I’d like to wish all moms a happy and wonderful Mother’s Day.
The other day my friend Kim Breslin said she was buying cards for some friends when it hit her — this is the first Mother’s Day in her life she won’t celebrate with her own mom since she passed away last year.
Losing my mom a little over a month ago, I too share those sentiments. I know I’m not alone. Great women like Anne Gober, Mickey Bartos, Lena Parente, Carm Chiavacci, Sheila Kelly Czarkowski, Arlene Cravatta Grudzinski, and Dianne Tigue, to name a few, sadly passed away since last Mother’s Day, and their children, no doubt, will experience great sadness today.
Life is a great big mystery and one never knows what will happen from year to year. In my case, my mother was aging and had shown signs of failing for some time. Her dementia was worsening and I found myself preparing for the worst.
Sometimes the loss is more unexpected.
What I’ll miss about Mother’s Day is giving my mom a homemade card. No, not the kind made with crayons in elementary school, but the modern day version – I designed her cards on the computer.
For as much as I enjoyed creating them, I got a bigger kick out of her opening them. I would try to outdo myself each year. After she passed away, I was going through her belongings and found one of the cards I made for her. It was a sad moment, but it made me smile.
For years, my mother believed she was one year younger than her actual age. She got so mad at me when I insisted she was 75 and not 74. The more I laughed over the whole thing, the more furious she got. I really believed the whole age thing was something she made up, like a little white lie. That wasn’t the case.
Finally, I had to prove her wrong by grabbing her license. With pad and pen in hand, I show her the math and she still didn’t believe me. That was my mom — stubborn and tough to the end.
I’ve shared so much about my mom last month when she passed, but as I reflect now, I think of my mom as she really was. In addition to being tough, she was demanding and sometimes downright hard to get along with, but now that she’s gone, all that is disappeared.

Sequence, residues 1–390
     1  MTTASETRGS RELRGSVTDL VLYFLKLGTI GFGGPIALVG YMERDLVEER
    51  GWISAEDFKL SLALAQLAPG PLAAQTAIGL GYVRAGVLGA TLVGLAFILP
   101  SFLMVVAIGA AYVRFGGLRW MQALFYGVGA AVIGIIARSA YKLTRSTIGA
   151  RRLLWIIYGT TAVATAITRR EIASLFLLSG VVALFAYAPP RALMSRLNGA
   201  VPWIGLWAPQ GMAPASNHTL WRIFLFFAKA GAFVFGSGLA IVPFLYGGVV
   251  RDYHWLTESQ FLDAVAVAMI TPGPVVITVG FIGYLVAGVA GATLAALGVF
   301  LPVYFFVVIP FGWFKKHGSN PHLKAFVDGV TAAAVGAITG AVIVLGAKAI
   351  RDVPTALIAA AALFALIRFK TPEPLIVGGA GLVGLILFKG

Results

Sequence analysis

What I choose to remember on this, my first Mother’s Day without her, is that I love her more now than ever.
I can’t remember all of the Mother’s Days we celebrated together, but I can recall the feeling that I needed to make it special for her. For as difficult as my mother could have been, I knew that day was a day I had to honor her for bringing me into this world.
Even though I had an older brother and younger sister, I felt I had a special bond with my mom and I think I understood her more than my siblings did. My brother joined the military at 18 and my sister moved out at 19, and I remained in close proximity to her. I never lived more than a mile from her with the exception of the last 18 months of her life, when she lived in a nursing home in Kingston.
For those fortunate enough to still have their mothers with them, make today extra special for them. Soak in the day and try to remember every minute you have them. Perhaps next Mother’s Day, you can try to make a card for her. If you don’t have computer skills, then open up a box of crayons and give it a shot. I guarantee it will be the most satisfying Mother’s Day since you were a child.
Even though many of us have lost our mothers physically, they will always be with us. We talk to them when we need help. When making decisions, we will wonder what Mother would say or do. We quote them on many occasions and we do all we can to preserve traditions Mother instilled in us.
One thing I do know for sure — our mothers will live in our hearts until we take our last breaths.
Quote of the week
“All that I am, or hope to be, I owe to my angel mother.” – Washington Irving, American writer.
Thought of the week
“A mother understands what a child does not say.” – author unknown
“Motherhood: All love begins and ends here.” – Robert Browning, English poet.
Tony Callaio’s column My Corner, Your Corner runs weekly in the Sunday Dispatch. He can be reached at email@example.com.